The race itself was really enjoyable. The start went really smoothly as everyone seemed to be at the right point in the pack so I got up to my pace straight away. The course is an out and back course which is pretty much continuously undulating. It is one of those races where it was really a necessity to train on hills as you could tell in the second half of the race many were caught out by going off too quickly.
There were small pockets of support throughout the race that were extremely encouraging. On top of that the marshalling was second to none and the finish had a good crowd. The free orange and grapes stall was a nice touch at the finish. The goody bag included a bar of chocolate, a bottle of water and a very nice medal.
Although not a PB course, this is an incredibly scenic and well organised race now in its 3rd year. Being only half an hour out of Glasgow it is handy too.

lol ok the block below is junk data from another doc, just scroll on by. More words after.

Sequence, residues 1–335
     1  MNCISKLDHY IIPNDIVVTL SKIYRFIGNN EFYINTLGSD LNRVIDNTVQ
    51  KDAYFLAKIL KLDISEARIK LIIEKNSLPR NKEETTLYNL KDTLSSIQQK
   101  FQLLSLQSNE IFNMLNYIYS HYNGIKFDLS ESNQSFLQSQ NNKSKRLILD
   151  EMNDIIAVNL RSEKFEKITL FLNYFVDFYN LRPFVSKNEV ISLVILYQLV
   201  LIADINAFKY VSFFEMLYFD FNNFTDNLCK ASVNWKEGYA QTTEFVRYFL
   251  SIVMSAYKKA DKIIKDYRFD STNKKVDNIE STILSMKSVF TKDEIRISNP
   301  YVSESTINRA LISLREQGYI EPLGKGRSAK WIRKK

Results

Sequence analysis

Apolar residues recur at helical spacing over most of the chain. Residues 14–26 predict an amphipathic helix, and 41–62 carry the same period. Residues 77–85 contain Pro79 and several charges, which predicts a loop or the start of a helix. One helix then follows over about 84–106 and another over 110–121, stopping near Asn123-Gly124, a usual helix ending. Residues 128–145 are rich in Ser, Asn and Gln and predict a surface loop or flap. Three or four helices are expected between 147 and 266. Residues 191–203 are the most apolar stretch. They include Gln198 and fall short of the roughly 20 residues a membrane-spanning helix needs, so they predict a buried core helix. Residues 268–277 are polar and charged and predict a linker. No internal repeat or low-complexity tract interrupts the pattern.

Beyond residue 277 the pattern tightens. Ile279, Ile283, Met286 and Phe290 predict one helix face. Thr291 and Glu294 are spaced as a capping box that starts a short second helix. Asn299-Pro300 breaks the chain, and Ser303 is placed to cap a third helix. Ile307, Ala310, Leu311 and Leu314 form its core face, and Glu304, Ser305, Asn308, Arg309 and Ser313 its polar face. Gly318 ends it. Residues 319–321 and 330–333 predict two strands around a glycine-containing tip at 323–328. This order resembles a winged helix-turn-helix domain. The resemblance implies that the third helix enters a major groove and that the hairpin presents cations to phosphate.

In short: Great race, not too busy and well organised. In full: Woke up on Sunday morning of race day to find a thin layer of snow but luckily by the time I got over to Balloch the weather had turned to rain and the snow washed away quickly. However in true Scottish style the weather changed from one extreme to the other; one minute it was really windy and cold then wet and then sunny then back to windy! So race day outfits were needless to say very varied! The race limit is 500, so after a mile the pack is fairly spread out and by mile 3 you find it is spread out enough that you have your own space. Most of the course is run on pavements or the cycle track between Balloch and Glasgow, as the roads are not closed. However this wasn’t an issue due to the excellent marshalling throughout the course who stopped the traffic. I think I only stopped once to let a bus turn in to a street I was crossing and that was it. The atmosphere at the event was just right; the marshalls provided the majority of support to the runners while the field was mainly made up of club runners. So the times were quick; with the first runner coming in at 1.12 and the last about 2.20 with the majority of people finishing in under 2 hours. Although the race was fully subscribed only 388/500 runners finished, with many probably put off by the weather. The course itself I would describe as mildley undulating. There were quite a few long gentle climbs but none I would really describe as hills. Although I was maintaining quite a steady pace up them, I seemed to be overtaking quite a few people. So maybe other people saw them as hills! Personally I didn’t PB this race as, this was my first half in 4 years, but I reckon it’s a course which you could PB on as it is reasonably flat and a spread out field which means you are not really jostling for space at any point. I didn’t actually realise I was finished till I was given the goody bag as there was people standing in front of the finish sign to the left of the road. There were a fair number of people who hung around to cheer on the later runners which was nice. The finish momento is the best I have been given as it is a glass ornament with a kind of hologram of a runner inside with ‘Balloch to Clydebank half marathon’ engraved on the front. My only critisim of the ornament would be that it doesn’t have the year on it. However normally I would just shove my medals in a box but this one will be on the mantle piece for a few months at least! Overall an excellent, well organised event showing quality is better than quantity. One I will do again in the future for sure.